And my hope now is that with these steps which have been, I think, rather well received down there, we can see a restoration of some kind of improved relationship between the community and our troops and their families down there. We need it.
Q -- sense though, that among the Japanese people they're doing us a favor by allowing us to keep all these troops here?
AMBASSADOR MONDALE: We always make that point that this is in your interests or you wouldn't be here, you wouldn't want us here, and it's in our interests or we wouldn't be here. And we always make that point. And what you often hear is, well, alliance is fine, but there shouldn't be any bases in my neighborhood. Not an unusual position. And we always say, look, there's no way of having a security alliance and defense structure without bases and planes and guns and troops and without practice and all that goes into it, and so you have to be prepared to take the burden as well as the benefits. And that argument seems to work with the general public.
MR. DEMING: This is also very much an issue between mainland Japan and Okinawa. The Okinawans feel they've been victimized by having to host such a large percentage of American forces, and the Japanese public is happy to have it in Okinawa, but not in their own backyard. That's one of the things the Japanese government is trying to address more and more forthrightly.
Q But you don't get a sense that Americans who are here have a feeling that maybe they're not appreciated and, in fact, are a little bit disliked?
AMBASSADOR MONDALE: No. There was a time right after the rape when they reported that there was a real separation growing between our people and the local community, but that I think is starting to heal now.
Q How would you characterize to the Japanese public, if you were Bill Clinton, the President --
AMBASSADOR MONDALE: I'll ask -- do you take polls on that, Paul?
MR. BLACKBURN: No, we don't.
AMBASSADOR MONDALE: Paul is our information officer.
MR. BLACKBURN: But I would say that when the election campaign was in full bloom in the middle of 1992 when I first got here, it was very clear that the Japanese were rooting for the Republicans to win, feeling that that was the party of inside business and that sort of thing. But since the President came here in 1993, I think the attitude has been very positive. His visit in 1993 for the G-7 summit was a very, very successful event.
And since then he's been seen as very interested in Japan. He's been seen as very serious about trade issues, and that's respected here. And he's been seen as strong on the alliance between the two countries.
Q -- the upside on the -- on trade?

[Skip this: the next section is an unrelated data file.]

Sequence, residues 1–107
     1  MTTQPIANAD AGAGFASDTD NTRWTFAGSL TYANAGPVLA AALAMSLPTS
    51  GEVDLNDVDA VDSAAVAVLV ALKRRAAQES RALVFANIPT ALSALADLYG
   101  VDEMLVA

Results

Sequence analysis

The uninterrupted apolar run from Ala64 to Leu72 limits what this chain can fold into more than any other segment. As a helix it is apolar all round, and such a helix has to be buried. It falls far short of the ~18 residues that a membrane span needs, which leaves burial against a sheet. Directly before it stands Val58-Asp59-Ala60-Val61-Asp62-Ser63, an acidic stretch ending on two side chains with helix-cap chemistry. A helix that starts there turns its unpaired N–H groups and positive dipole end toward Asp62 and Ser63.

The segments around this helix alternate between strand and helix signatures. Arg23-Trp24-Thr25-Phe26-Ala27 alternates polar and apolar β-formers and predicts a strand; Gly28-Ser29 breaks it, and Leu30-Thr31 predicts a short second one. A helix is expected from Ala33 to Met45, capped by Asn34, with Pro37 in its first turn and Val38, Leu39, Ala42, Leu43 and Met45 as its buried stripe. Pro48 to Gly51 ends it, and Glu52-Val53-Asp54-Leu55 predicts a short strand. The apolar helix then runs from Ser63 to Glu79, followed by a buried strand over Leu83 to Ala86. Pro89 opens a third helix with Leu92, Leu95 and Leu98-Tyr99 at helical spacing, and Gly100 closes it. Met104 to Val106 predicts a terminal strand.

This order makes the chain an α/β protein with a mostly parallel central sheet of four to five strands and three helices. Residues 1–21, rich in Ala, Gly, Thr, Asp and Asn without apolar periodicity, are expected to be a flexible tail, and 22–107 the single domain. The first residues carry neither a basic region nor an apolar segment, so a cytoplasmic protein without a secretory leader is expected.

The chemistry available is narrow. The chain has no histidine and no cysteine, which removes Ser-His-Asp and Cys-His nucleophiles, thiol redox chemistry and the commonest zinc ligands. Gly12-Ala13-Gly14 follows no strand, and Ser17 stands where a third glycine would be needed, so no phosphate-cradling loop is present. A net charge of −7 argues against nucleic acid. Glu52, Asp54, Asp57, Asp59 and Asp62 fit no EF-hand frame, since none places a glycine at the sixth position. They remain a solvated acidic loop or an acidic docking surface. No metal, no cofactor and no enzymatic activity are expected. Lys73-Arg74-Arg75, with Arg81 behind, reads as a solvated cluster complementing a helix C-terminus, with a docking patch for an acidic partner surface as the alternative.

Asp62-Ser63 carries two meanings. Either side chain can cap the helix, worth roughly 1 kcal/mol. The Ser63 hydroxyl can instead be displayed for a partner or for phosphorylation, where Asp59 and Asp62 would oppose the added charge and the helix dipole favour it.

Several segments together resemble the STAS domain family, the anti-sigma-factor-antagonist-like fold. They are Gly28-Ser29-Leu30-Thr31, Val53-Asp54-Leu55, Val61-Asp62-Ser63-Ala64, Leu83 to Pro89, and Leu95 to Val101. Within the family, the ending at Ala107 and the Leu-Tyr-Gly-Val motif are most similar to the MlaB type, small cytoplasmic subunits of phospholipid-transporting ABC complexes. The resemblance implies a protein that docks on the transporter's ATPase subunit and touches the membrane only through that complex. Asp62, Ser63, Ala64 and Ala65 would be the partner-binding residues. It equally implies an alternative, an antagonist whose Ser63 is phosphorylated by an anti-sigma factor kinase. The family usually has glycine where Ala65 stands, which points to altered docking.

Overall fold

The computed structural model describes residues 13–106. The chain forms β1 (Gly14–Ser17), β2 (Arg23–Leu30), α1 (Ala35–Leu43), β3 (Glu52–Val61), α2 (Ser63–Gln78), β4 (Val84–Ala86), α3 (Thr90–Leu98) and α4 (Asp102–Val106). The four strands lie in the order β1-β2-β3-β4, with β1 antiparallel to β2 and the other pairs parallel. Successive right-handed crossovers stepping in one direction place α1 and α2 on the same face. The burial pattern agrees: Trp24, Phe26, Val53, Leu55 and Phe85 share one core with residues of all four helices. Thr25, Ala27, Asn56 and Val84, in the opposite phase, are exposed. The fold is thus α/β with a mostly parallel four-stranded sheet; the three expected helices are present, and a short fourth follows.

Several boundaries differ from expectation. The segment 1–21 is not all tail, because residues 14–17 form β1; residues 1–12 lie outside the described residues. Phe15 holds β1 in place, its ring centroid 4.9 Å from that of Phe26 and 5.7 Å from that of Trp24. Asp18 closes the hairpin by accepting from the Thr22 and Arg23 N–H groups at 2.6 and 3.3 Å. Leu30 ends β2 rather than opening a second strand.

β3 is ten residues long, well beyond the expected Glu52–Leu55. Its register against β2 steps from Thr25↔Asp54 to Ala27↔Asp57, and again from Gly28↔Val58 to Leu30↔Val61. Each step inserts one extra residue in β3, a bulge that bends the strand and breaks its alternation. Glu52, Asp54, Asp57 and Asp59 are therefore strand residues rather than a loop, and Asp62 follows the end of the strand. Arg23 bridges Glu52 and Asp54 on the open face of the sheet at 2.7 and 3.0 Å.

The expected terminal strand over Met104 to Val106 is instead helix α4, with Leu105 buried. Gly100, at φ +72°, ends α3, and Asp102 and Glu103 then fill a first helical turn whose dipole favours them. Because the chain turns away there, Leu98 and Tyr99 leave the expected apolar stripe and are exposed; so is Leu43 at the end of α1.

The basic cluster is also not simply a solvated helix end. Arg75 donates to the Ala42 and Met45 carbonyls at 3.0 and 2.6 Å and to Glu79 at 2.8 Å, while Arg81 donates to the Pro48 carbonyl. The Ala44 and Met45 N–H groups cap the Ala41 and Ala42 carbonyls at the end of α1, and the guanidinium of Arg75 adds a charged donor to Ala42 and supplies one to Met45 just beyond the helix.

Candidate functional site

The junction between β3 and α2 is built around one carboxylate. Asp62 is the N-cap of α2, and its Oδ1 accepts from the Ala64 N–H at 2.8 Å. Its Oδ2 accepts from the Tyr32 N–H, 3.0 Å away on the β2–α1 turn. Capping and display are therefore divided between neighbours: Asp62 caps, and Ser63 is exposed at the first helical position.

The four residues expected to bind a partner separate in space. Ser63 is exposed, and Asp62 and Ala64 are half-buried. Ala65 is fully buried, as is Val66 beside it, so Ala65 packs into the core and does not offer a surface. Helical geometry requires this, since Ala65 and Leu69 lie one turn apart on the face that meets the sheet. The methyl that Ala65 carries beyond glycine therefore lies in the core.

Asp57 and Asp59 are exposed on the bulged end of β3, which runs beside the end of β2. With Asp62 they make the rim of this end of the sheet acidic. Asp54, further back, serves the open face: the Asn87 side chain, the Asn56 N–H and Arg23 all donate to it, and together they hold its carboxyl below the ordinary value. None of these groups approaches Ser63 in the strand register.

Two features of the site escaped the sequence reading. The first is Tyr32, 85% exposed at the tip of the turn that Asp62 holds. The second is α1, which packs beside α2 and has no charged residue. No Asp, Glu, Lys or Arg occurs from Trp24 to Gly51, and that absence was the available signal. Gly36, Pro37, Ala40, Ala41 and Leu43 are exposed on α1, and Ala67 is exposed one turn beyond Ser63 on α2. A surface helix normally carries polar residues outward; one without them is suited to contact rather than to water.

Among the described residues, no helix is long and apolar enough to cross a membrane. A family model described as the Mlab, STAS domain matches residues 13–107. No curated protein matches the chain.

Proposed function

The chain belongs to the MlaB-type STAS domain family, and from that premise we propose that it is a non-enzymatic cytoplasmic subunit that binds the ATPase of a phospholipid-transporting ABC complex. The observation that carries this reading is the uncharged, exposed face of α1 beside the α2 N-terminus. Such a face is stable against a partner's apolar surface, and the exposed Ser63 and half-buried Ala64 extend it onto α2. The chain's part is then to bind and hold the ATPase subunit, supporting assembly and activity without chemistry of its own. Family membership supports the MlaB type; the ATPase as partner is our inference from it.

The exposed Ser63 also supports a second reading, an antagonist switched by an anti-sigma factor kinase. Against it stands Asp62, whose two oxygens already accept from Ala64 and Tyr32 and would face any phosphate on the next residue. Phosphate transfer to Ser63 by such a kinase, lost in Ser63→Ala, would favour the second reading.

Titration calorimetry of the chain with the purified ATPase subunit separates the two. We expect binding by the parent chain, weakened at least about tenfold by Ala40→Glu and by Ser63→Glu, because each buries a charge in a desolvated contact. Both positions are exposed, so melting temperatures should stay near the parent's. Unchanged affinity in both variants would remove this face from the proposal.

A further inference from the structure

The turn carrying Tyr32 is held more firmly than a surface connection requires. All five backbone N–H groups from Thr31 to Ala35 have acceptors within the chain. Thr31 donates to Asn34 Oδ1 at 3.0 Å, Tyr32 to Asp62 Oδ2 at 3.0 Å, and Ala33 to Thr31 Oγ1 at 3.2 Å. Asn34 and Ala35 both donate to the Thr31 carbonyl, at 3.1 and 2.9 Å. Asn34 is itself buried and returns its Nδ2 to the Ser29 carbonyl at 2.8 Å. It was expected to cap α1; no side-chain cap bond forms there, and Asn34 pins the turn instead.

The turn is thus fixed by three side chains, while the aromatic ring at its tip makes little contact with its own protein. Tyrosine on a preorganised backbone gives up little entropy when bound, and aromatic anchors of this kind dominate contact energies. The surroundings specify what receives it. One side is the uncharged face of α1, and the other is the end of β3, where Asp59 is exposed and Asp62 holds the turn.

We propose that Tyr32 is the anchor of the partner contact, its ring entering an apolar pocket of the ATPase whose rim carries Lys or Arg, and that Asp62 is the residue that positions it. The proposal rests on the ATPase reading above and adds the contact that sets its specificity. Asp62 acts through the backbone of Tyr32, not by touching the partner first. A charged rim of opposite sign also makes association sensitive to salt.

AMBASSADOR MONDALE: I was just going to add that. I think that the new emphasis that this administration has placed on trade has caused some Japanese to wish for a President who would lay off. But the fact of it is, if they look back, no President has been able to lay off because with those huge imbalances, just economic necessity drives that policy. And so I believe that is a reason for some negatives on him that I think is something we should feel good about.
Q Going back -- going into the '96 campaign, do you sense any nostalgia among the public for a Republican President?
AMBASSADOR MONDALE: Look, I was over here as private citizen in October of '92, and I agree with Paul. They knew the Republicans, the Republicans had been around for a long time, they figured the Democrats were protectionists and they wanted nothing to do with us. And they didn't know us.
I think Clinton has cleared away a lot of that concern. There is still this thing about trade, but one of the things that's happened here is that they're seeing that this trade issue is not just a Democratic issue, that they see more and more -- when we had the elections in '94 I think there was a feeling that those new Republicans were going to be the old kind that would not worry about trade with Japan. But they found that there's -- that's not the case.
Q Is there concern about the pandering on both sides to the Perot-Buchanan protectionist sentiment in the United States?
AMBASSADOR MONDALE: Well, they might see it as pandering. I think that it's -- when we sell 400,000 cars to them and they sell 40 million to us, we, in all neutral markets, practically do better than they do, there is a question about how open this is. And now we're making progress. There are very little -- we won't go through all the issues, but there is all kinds of evidence this market is too closed. And I think -- I don't think that is pandering.
I think the need to -- the fact of it is that -- one thing the President has done on trade that has been well received, the fact that he has pushed for WTO, pushed for NAFTA, has not pursued a protectionist policy has been very well received here. And I think that he has been at it consistently long enough so that they are comforted by that.
MR. DEMING: I think his leadership on a couple of key foreign policy issues has really strengthened his reputation here -- Bosnia, Taiwan Straits -- because the Japanese want American leadership and they are very nervous when they see us retreating.
AMBASSADOR MONDALE: Yes.
Q It sounds like you expect trade to reemerge as the major point of contention now that this security thing is over.